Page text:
We have designed a co-sleeper as a solution to help parents co-sleep comfortably in order to encourage the healthful practice of breastfeeding. There is currently no product on the market that addresses both of these concerns in a single design
It will be understood that this invention will admit of a wide variety variation. It is important that padding 16 be such that it can be partially withdrawn in easily reinserted into and out of receiving pockets 14 so that breast-feeding can easily occur. Padding 16 will admit of wide variation including conventional pillows and the like. It is important that padding 16 be substantial to enable both capture of the infant as well as to provide a tactile indication of boundary to sleeping parents.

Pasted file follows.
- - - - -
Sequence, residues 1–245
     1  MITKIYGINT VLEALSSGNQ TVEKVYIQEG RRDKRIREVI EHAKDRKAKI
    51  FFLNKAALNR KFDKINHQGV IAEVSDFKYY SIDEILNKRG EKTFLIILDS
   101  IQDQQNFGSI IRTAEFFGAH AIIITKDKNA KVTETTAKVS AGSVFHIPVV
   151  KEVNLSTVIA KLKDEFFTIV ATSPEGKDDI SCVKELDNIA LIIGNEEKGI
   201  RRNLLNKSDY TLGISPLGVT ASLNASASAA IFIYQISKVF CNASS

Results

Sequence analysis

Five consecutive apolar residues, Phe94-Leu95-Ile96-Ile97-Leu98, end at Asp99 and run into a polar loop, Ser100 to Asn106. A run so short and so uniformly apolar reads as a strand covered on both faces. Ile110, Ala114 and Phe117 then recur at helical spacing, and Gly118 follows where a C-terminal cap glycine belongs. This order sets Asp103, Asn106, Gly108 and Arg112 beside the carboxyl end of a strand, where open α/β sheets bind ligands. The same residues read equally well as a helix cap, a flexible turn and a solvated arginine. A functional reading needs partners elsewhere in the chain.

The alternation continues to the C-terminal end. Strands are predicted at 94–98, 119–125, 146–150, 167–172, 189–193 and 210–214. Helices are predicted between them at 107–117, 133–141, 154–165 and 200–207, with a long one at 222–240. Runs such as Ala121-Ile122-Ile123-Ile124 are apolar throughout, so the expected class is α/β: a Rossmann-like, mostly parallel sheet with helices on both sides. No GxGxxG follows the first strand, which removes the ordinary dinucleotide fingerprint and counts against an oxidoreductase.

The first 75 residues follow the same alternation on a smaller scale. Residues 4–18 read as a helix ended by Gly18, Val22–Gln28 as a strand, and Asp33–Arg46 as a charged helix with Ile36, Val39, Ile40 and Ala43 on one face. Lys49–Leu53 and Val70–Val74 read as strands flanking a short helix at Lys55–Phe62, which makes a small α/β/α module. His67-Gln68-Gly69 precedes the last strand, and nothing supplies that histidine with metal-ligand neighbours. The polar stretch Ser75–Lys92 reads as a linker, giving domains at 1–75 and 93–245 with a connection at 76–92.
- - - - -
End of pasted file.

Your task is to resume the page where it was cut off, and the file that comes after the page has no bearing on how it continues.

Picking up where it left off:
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|U.S. Classification||5/428, 5/427, 5/425|
|International Classification||A47D9/00, A47D7/04, A47D13/08, A47D15/00, A47C21/08|
|Cooperative Classification||A47D7/04, A47D13/083, A47D15/003, A47D15/008|
|European Classification||A47D7/04, A47D15/00B2, A47D13/08B, A47D15/00F4|
|Mar 15, 2010||REMI||Maintenance fee reminder mailed|
|Aug 8, 2010||LAPS||Lapse for failure to pay maintenance fees|
|Sep 28, 2010||FP||Expired due to failure to pay maintenance fee|
Effective date: 20100808